A Day In Romantic Verona: What To Do In The City of Love

If you are obsessed with the Italian summer aesthetic of “Letters to Juliet” as much as I am, then you definitely know about Verona. More famously known as the original setting of Shakespeare’s Romeo and Juliet. Verona is a picturesque city located in the north of Italy, between Milan and Venice. With its stunning architecture and romantic vibe, Verona has gained the name of the city of love. But it doesn’t matter if you go with a significant other or by yourself, Verona is incredibly easy to fall in love with. And I will show you how. Here is a day in romantic Verona: what to do in the city of love.

Fall in love with Piazza Delle Erbe

Let’s start with what I consider to be the most stunning view in Verona; the charming Piazza Delle Erbe. When I was visiting, my Airbnb was just a few steps away from the piazza, so this was the first thing I saw in the morning as I went out to explore, and it completely enchanted me.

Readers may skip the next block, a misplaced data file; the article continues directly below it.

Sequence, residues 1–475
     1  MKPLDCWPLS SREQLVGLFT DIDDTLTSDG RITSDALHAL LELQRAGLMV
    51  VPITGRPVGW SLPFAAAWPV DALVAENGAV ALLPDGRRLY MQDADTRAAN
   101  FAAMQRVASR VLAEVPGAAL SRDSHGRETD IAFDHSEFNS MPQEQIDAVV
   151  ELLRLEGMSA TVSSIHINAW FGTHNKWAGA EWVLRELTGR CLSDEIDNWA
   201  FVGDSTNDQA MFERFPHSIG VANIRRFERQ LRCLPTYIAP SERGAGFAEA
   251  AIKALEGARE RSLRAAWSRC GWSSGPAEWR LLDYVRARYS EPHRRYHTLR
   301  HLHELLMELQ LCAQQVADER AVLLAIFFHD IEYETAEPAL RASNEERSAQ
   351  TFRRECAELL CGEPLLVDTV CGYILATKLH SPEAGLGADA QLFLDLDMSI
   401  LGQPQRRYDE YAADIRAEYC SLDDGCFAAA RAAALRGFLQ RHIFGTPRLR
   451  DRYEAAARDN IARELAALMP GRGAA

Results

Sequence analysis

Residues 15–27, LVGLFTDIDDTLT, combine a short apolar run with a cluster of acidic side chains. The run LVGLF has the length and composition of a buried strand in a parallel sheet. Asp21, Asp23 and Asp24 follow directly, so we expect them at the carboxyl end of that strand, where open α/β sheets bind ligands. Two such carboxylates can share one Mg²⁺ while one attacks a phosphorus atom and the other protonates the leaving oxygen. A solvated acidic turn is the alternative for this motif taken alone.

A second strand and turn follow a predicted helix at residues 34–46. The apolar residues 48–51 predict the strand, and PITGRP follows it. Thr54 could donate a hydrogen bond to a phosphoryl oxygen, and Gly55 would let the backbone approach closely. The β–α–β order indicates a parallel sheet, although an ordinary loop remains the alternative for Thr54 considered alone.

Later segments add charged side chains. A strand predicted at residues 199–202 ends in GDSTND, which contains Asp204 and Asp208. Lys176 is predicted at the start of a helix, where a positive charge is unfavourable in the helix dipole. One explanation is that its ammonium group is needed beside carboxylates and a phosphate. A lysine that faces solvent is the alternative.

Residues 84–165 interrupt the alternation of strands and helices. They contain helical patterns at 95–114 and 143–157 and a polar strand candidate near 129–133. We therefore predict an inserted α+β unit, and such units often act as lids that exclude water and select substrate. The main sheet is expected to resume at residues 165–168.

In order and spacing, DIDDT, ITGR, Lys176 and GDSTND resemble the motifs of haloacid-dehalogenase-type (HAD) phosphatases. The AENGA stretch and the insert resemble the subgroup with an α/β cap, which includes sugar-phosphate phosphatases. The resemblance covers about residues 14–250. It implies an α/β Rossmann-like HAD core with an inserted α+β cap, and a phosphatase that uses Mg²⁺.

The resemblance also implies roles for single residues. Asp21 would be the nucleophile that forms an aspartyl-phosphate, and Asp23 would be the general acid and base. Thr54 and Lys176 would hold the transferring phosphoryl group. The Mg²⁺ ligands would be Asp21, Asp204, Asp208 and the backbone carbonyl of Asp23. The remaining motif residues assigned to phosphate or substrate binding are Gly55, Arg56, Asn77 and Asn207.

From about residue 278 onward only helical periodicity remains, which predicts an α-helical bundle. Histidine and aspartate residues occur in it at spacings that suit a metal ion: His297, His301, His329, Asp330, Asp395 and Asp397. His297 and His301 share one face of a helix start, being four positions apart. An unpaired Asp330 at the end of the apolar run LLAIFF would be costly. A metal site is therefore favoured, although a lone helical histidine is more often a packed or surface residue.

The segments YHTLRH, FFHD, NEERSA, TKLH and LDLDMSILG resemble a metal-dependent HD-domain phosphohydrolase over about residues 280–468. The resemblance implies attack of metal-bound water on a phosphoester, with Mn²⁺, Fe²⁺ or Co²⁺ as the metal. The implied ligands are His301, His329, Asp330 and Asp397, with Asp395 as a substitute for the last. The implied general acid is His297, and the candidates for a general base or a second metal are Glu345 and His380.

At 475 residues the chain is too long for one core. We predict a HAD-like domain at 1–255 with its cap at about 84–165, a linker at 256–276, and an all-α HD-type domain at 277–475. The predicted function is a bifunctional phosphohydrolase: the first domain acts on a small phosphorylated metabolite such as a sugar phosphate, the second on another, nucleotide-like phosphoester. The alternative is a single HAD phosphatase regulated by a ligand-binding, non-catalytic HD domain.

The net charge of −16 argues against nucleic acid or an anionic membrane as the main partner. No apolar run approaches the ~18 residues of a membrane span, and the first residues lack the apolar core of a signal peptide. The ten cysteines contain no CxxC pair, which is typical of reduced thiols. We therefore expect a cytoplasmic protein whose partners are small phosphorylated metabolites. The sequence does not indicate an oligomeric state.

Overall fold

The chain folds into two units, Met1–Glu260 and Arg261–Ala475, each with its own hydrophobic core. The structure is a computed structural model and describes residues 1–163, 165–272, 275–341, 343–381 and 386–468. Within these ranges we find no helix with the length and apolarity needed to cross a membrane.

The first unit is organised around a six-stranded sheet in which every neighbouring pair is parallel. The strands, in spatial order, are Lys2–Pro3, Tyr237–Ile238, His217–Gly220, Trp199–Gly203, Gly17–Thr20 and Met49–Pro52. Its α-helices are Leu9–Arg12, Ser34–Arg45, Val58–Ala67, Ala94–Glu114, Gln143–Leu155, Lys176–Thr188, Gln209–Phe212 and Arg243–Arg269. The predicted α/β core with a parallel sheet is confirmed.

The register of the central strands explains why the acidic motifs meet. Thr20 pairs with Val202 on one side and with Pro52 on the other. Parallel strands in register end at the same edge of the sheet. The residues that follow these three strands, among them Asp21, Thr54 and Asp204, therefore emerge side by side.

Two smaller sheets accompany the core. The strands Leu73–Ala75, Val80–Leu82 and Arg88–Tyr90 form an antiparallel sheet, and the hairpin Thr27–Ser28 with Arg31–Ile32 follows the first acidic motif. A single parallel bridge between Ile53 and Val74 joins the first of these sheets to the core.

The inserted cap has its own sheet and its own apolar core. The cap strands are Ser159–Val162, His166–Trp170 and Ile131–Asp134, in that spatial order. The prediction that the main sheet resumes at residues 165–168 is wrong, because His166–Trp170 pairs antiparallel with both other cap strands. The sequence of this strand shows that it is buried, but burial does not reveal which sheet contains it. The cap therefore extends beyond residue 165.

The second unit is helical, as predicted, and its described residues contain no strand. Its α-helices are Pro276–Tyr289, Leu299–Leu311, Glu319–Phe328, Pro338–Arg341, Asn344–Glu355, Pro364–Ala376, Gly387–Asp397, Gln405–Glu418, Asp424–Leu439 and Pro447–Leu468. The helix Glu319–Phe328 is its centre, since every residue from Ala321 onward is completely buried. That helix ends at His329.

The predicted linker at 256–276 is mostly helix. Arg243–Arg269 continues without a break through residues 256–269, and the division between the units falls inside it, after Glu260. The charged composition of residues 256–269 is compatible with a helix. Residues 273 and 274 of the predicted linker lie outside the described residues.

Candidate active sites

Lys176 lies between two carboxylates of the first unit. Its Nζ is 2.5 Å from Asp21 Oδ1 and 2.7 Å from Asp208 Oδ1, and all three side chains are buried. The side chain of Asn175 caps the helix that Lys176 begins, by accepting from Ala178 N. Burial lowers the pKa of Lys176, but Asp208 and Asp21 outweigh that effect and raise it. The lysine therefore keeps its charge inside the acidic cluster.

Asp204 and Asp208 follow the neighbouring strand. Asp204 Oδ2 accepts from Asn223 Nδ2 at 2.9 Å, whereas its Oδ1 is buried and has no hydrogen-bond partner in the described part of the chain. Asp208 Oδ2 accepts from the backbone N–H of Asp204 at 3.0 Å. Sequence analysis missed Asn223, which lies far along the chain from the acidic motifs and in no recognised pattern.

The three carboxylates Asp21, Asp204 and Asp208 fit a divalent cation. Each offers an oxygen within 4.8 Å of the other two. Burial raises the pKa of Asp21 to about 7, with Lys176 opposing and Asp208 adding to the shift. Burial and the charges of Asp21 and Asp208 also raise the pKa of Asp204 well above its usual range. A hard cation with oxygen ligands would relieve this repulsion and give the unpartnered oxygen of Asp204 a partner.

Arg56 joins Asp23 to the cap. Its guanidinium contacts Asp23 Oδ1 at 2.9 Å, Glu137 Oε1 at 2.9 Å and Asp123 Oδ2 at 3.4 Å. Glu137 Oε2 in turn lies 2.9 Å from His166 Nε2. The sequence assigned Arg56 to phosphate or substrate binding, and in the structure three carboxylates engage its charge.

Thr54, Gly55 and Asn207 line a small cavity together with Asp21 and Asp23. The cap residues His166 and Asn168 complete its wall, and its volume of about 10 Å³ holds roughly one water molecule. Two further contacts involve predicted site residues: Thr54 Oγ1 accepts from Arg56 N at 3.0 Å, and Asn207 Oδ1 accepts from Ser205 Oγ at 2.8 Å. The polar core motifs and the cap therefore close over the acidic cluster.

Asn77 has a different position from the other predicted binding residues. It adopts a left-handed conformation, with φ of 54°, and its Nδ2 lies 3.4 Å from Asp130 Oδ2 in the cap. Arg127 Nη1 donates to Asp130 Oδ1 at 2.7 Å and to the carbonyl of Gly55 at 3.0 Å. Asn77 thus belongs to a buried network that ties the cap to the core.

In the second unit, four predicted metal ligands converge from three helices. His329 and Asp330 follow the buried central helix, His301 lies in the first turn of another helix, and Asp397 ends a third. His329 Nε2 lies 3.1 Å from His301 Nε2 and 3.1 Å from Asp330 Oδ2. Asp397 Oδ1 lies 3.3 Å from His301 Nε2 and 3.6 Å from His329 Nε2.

Piazza delle Erbe in romantic Verona
A Day in Romantic Verona: What To Do in The City of Love

Piazza Delle Erbe is small but mighty. The fountain, the market stalls, the building frescoes, and the architecture all around make the place look like a movie set. It makes it hard to walk away from there to see more of the city. Luckily Verona is not that big, so you will inevitably make your way back here at one point in the day.

Visit quirky and unique Caffe Borsari

If you are looking for breakfast places and don’t seem to find one, is because in Italy breakfast is not this big brunch concept we are so used to, at least me. Italian breakfast consists simply of coffee, in some shape or form, and some kind of pastry. Small and sweet, with a caffeine kick.

The exterior of Cafe Borsari in Verona

So while in Italy, do as Italians do and head over to Caffe Borsari for a rich cappuccino and a flaky croissant. Just a few steps away from Piazza Delle Erbe.

This charming little coffee shop makes a statement even before walking in. The exterior of the shop is unmissable, with a window display of hundreds of teapots and teacups and little Disney figurines. It’s so odd and inviting at the same time. Indoors, you will find a cozy room with just a few tables, but with excellent coffee and friendly service. Couldn’t recommend this little cave of wonders enough.